You'd rather pay? Hopefully, you don't need much in the way of medical attention.
I find it sad yet believable to hear these stories about our ERs. I have to say, my few experiences with ERs in Toronto (two in 20 years, both at St. Mike's), were fine. Once I showed up with my partner who was having some kind of allergic reaction, and from the moment we walked in the door he was in a bed with treatment occurring in 15 minutes. However, this is not to dismiss anything that has been said here.
I wish Canada would get around seeing medicare in only certain terms, without in any way at all emulating the USA, but perhaps looking at France (which has the highest rates of satisfaction anywhere).
The problem with Canada is not only lack of doctors but also lack of medical "skill". Look at Newfoundland and Labrador Premier Danny Williams case. Even Canada's top leader don't trust Canadian doctors.
Having had 4 active children, coached minor sports for years and being married to a wife who has been dealt an unfortunate hand in the poker game of life I can assure I have visited many "Emerges" over the years.
The happiest story starts with me managing to drop a light fixture on my head (the good part is later) producing lots and lots of blood and a plethora of bad words. Off to the North York General at 9:30 am to be seen immediately, cleaned up, shots for Tetanus, 8 nifty new stitches in my bald head and on my way home before 11:00 am.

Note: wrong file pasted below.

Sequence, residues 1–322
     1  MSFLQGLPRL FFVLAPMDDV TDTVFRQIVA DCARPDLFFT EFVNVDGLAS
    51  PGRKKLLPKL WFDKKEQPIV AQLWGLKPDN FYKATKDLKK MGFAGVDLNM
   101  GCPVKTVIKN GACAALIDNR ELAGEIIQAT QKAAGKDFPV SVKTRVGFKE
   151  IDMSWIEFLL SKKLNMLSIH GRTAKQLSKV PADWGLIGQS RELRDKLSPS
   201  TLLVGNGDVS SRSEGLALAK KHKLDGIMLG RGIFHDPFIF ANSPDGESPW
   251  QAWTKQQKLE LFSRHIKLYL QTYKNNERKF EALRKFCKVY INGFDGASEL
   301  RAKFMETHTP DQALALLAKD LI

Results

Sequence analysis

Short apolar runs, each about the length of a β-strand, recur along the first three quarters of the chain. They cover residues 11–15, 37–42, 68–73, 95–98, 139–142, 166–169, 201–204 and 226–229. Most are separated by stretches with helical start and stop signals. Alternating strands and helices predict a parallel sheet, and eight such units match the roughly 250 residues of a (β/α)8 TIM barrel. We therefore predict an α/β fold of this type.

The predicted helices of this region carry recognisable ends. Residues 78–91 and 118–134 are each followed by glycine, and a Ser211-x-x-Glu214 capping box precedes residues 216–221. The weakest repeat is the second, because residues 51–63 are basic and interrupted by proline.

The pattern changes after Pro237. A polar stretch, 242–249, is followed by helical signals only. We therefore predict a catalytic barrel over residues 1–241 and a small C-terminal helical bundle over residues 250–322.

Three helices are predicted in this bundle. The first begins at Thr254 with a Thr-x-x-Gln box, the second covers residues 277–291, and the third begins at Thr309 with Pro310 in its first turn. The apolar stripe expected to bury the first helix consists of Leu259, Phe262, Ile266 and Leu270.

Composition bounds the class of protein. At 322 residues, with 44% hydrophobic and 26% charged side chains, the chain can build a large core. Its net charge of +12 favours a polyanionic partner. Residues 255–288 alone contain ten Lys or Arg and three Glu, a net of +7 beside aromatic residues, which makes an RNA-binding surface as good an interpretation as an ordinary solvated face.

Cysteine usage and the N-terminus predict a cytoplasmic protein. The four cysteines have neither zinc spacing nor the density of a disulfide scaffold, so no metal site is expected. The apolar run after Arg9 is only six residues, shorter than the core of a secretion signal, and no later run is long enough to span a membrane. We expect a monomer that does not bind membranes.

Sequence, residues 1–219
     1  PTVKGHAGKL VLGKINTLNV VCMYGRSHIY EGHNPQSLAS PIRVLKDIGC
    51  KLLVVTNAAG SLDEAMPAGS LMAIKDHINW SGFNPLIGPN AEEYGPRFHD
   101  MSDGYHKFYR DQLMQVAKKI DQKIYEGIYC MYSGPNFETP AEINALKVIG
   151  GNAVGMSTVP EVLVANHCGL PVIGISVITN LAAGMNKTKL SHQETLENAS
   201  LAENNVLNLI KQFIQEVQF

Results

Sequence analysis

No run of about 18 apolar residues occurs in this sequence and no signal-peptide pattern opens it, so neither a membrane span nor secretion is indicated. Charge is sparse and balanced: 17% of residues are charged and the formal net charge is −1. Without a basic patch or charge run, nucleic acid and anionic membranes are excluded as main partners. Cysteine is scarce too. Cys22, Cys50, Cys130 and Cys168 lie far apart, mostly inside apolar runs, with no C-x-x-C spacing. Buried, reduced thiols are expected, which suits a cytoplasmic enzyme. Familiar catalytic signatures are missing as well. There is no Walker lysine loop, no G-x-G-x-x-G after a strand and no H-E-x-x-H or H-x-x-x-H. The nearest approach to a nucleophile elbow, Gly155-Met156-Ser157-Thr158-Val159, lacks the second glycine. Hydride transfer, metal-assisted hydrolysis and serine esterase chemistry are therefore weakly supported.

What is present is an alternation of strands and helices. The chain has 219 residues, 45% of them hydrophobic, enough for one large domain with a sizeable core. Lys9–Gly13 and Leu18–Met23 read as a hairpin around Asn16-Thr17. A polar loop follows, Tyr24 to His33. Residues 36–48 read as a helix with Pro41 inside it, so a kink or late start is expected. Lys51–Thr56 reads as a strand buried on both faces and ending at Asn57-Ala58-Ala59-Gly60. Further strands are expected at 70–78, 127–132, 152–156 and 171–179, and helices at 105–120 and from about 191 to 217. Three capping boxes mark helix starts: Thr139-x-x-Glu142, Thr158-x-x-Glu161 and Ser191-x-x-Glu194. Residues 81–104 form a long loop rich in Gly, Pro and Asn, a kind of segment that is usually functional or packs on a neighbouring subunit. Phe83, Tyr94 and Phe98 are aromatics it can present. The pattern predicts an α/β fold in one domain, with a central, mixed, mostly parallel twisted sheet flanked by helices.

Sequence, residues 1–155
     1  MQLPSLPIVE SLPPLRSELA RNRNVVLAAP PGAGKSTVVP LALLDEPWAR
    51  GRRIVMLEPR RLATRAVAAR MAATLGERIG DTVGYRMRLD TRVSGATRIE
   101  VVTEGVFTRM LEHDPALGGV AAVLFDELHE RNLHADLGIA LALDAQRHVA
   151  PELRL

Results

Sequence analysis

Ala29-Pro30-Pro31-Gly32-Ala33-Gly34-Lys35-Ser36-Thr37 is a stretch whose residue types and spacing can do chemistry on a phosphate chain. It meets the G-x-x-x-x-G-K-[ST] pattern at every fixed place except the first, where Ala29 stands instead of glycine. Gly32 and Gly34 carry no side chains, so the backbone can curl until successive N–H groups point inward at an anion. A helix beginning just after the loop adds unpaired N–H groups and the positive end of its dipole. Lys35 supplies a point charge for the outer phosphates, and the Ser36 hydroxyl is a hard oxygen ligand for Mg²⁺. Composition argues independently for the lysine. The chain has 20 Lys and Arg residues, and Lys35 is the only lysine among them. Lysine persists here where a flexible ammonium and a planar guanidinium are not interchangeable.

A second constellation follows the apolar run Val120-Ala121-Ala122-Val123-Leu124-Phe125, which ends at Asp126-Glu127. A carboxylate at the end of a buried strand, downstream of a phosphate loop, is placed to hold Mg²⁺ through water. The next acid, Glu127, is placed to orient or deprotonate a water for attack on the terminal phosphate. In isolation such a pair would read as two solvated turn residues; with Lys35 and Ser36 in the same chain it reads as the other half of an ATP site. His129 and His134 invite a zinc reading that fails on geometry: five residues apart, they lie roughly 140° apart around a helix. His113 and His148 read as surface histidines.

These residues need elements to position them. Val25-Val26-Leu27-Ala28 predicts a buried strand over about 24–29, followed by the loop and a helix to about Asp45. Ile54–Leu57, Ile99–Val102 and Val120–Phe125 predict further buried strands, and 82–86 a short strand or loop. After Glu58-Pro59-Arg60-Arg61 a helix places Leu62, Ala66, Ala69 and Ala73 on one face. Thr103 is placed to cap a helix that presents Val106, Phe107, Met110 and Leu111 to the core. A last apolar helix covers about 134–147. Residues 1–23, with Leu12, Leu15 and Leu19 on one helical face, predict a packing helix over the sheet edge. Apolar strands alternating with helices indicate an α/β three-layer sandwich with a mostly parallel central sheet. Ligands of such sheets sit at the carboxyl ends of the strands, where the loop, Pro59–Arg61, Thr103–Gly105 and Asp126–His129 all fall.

I believe the tales told by other posters, especially the appalling conditions at Toronto East General and Scarborough General. There are 2 major reasons for the problem, one, there are too many people there for the wrong reasons such as back pain or sniffles. The second reason as has been noted above is the lack of Doctors, often only one on duty.
Can a Hospital that pays their CEO hundreds of thousands of dollars not afford to pay another Intern to move things along?
Assuming that the Province pays Hospitals for their "Emergency" operations, how do they pay, by services rendered or by the time it takes to render that service? My observations lean toward the latter, how else to explain a business model that seems to maximize the waiting time by saving the cost of more staff. If the payment were geared to services rendered wouldn't you strive to treat more people as quickly as possible?
A neighbour's cousin went to a for-profit clinic in the US for elective surgery--a gastric bypass. She had the operation and spent a day or two in the 'post-op ward' - a hotel near the hospital. As soon as she got home, she started feeling unwell. She had a horrible infection and was admitted to hospital. After eighteen months on a feeding tube, they buried her.
Peel Memorial Hospital in Brampton was infamous for ER overcrowding and really nasty staff. One time, I was helping my brother (who was in severe GI pain) to the front when he was finally called 3 hours - I was yelled at by the extremely nasty charge nurse because I wasn't called. I would have said some nasty things back, but given they have full time cops on duty there, and also knowing it wouldn't help anyway, I said nothing.
When they opened up the new hospital, the same problems - a place like Brampton is way too big for one ER.
Usually Humber River has the worst horror stories. I think the downtown teaching hospitals are the best bet. The line ups aren't going to be much better, but the staff are kinder.
<Anecdotal Story>, I think Canadian healthcare is the best/terrible!
That out of the way, the average wait time in an American emergency room is 3 hours, 42 minutes. Emergency is tough regardless of healthcare system, especially as a significant percentage of American patients aren't going to end up paying their bill anyway. People are going to have bad experiences in emergency rooms all over the world. It's something we should address but I do not believe giving a large bill to the patient at the end of the experience would make a significant difference.